Reinstating breach of bail as an offence in Queensland would not have any impact on youth crime, the state government says.
More than 49,000 people have signed a state parliament petition, started by Liberal National Party Mayor of Redlands Karen Williams, calling for breach of bail to be listed as a crime.
Ms Williams lodged the petition last week following the sentencing of a teen who was on bail when he crashed a stolen car killing a Brisbane couple on Australia Day in 2021.
The now 18-year-old was handed a 10-year sentence after pleading guilty to more than a dozen charges including two counts of manslaughter.
However, the teen will be eligible for release after serving six years.
The families of victims Matthew Field, 37, and Kate Leadbetter, 31, were bitterly disappointed by what they viewed as the leniency of the sentence, describing it as "grossly inadequate".
Matthew's parents, Ann and Russell Field, have called for a complete overhaul of the youth justice system.
"This is not a political issue, this is a moral issue," Mr Field told reporters on Friday.
"We are standing up because historically it has shown that the laws ... are not working and haven't worked for a long time.
"It needs a total overhaul, a total review. We have got to stand up, people like us and other victims of crime ... and support a change, a change for the law to be reviewed."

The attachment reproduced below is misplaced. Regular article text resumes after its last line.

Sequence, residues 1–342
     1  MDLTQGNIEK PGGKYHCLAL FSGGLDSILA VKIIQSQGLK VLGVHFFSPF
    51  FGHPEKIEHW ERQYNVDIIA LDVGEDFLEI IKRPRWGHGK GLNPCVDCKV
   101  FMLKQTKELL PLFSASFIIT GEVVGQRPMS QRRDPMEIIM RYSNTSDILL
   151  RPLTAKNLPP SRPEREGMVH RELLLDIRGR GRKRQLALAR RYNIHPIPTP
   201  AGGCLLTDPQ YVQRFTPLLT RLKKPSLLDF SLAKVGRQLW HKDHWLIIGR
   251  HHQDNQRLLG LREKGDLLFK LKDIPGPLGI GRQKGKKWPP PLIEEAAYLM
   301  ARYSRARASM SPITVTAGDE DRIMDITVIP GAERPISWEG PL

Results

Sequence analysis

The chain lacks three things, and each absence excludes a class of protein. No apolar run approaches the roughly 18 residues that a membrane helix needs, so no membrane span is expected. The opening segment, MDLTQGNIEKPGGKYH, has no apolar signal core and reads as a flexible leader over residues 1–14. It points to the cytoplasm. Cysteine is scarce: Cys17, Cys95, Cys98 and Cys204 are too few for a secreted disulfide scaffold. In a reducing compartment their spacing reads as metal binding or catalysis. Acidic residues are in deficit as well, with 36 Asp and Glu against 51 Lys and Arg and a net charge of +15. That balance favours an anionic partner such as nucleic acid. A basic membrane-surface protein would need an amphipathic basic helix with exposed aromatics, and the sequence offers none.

Despite the petition, Youth Justice Minister Leanne Linard has ruled out reinstating breach of bail as a crime, saying most youth offenders who breach bail conditions are put in detention anyway.
"We don't want something that didn't work, that the court themselves couldn't use, because it was essentially charging them twice for the same offence," she told ABC Radio.
She said that breaching bail was an offence under the previous LNP government, but 185 youths found guilty did not get slapped with any extra punishments.
"No additional penalties, not one, were ever applied, and 90 per cent of those young people reoffended," Ms Linard said.
The minister said the government's removal of the presumption of bail last year has had a much bigger impact as Queensland has three times more young people behind bars than NSW does.
About 300 teens are in detention, she said, which is 100 more than last year before the laws were changed.
"Now that was a tough measure," Ms Linard said.
"What it essentially means is that young people have to prove that they should get bail, which is a reverse of what is the normal case in courts."
The minister also said investing in early intervention programs would have a bigger impact on youth offending in the long run.